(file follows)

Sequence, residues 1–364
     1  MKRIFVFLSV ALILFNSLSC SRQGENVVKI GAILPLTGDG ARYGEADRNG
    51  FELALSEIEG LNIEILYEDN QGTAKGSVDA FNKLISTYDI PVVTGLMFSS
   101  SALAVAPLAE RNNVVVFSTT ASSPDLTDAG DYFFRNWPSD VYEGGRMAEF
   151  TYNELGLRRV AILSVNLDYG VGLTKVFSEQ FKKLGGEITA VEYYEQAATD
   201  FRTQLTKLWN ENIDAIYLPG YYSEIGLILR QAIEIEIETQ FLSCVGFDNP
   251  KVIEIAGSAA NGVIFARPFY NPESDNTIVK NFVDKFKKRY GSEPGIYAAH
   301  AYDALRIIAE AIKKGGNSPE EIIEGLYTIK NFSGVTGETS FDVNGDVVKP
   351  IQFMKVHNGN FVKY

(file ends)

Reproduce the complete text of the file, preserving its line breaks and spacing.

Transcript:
Sequence, residues 1–364
     1  MKRIFVFLSV ALILFNSLSC SRQGENVVKI GAILPLTGDG ARYGEADRNG
    51  FELALSEIEG LNIEILYEDN QGTAKGSVDA FNKLISTYDI PVVTGLMFSS
   101  SALAVAPLAE RNNVVVFSTT ASSPDLTDAG DYFFRNWPSD VYEGGRMAEF
   151  TYNELGLRRV AILSVNLDYG VGLTKVFSEQ FKKLGGEITA VEYYEQAATD
   201  FRTQLTKLWN ENIDAIYLPG YYSEIGLILR QAIEIEIETQ FLSCVGFDNP
   251  KVIEIAGSAA NGVIFARPFY NPESDNTIVK NFVDKFKKRY GSEPGIYAAH
   301  AYDALRIIAE AIKKGGNSPE EIIEGLYTIK NFSGVTGETS FDVNGDVVKP
   351  IQFMKVHNGN FVKY